Posted on January 4, 2016 by Maria Greene
A feature of food pantries in December is the distribution of groceries tied not only to day to day survival, but also to the provision of a festive holiday meal. Client counts rise, lines grow longer, as do the volunteer lists. An added feature this year at the Maple Park/Morgan Park community Food Pantry on Chicago's Southwest side is environmentally friendly dish washing soap. Fully recyclable dispensers of non-toxic, biodegradable Method soap, manufactured in a LEED platinum certified factory just a few miles away are handed out (separately bagged as per health regulations) along with the turkey's, yams, cranberries and other seasonal staples. The first delivery of 100 18 oz bottles was made on December 8, by Roger Brewin (who helped set up the pantry more than 30 years ago) on behalf of UU Humanists.
The SOAP (Save Our Ailing Planet) project was designed as part of UU Humanists' participation in Commit2Respond, (www.Commit2Respond.org) a UU initiative designed to grow the Climate Change Movement, increase reliance on renewable power, and reach out in the process to marginalized communities, often disproportionately effected by a warming planet. The Method factory is completely wind and solar powered, and the clients and many of the volunteers for the pantry are from economically disadvantaged areas of Chicago (as is much of the factory workforce).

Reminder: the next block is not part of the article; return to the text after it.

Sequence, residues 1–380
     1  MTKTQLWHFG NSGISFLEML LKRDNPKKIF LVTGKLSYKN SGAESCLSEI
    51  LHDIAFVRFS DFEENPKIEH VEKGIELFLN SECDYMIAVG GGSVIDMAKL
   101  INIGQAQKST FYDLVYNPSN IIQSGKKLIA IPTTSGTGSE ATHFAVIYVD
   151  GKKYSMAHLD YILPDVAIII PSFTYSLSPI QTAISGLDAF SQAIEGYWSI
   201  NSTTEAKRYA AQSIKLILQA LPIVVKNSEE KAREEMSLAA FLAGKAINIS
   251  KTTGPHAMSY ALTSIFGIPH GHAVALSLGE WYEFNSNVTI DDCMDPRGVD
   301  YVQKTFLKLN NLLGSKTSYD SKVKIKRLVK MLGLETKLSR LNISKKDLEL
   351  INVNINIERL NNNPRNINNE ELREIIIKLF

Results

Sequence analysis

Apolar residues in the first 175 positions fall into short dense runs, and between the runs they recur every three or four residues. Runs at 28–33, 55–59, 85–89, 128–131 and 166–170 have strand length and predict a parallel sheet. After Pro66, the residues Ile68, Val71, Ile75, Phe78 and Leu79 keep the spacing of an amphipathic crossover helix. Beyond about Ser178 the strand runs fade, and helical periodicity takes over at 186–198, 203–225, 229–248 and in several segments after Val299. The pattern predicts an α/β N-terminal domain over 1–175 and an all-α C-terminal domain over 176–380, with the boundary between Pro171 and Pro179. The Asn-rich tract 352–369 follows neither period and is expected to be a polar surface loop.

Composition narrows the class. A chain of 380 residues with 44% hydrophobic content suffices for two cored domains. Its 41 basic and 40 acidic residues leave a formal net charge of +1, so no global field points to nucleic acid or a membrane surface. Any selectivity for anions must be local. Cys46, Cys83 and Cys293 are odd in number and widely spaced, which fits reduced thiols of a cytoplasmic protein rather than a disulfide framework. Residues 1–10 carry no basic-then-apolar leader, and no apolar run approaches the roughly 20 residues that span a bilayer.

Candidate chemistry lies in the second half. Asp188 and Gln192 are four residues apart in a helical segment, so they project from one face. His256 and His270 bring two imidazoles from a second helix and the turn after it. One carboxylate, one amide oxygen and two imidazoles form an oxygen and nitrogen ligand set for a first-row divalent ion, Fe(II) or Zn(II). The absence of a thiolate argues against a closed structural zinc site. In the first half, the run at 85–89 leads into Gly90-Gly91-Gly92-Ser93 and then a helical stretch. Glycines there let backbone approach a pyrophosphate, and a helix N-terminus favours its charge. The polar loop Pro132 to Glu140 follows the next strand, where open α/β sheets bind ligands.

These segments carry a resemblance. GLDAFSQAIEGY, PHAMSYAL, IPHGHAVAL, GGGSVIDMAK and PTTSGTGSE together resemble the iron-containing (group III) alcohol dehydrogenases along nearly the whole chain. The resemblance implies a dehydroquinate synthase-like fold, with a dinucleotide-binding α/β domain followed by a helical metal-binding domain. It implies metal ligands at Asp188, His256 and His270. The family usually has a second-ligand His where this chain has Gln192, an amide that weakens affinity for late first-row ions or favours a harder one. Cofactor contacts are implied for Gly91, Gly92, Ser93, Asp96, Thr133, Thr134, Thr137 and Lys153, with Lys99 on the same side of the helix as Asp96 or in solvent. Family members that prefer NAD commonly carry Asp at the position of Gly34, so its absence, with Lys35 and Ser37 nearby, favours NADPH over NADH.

Brewin sees the project as an entry-level-to-climate activism opportunity, with individuals able to participate through donating the cost of one or more bottles of soap, helping to promote the project in their own congregations or humanist groups, and assisting with the collection of donations and delivery of the soap to local pantries and shelters. Congregations and groups willing to replicate the collection and distribution process in their own communities can contact Brewin at 773 551 8540 or Rabrewin@aol.com to receive starter kit. The program starts small, and can fit in with existing work in a Green Sanctuary program, a small group ministry or a religious education social justice curriculum.
Sufficient donations have been received since the project started just before the 2015 GA, that UU Humanists can now offer a matching grant of 25 bottles to each of the first four groups/congregations that raise enough money for 25 bottles for a pantry or shelter in their own community.
About Maria Greene
Maria Greene is the UU Humanist Association's former part-time Executive Director. (Maria has stepped down at the end of 2017 to attend to some extended family health issues.) Maria is also a professional web developer who lives in Massachusetts with her husband, their three busy kids and assorted pets. Maria's home congregation is the First Parish Church of Stow & Acton, she helps coordinate the Concord Area Humanists, a UUHA local group and chapter of the American Humanist Association that meets in Concord, MA, she is a volunteer with the Secular Coalition for Massachusetts, and with the Boston Coalition of Reason.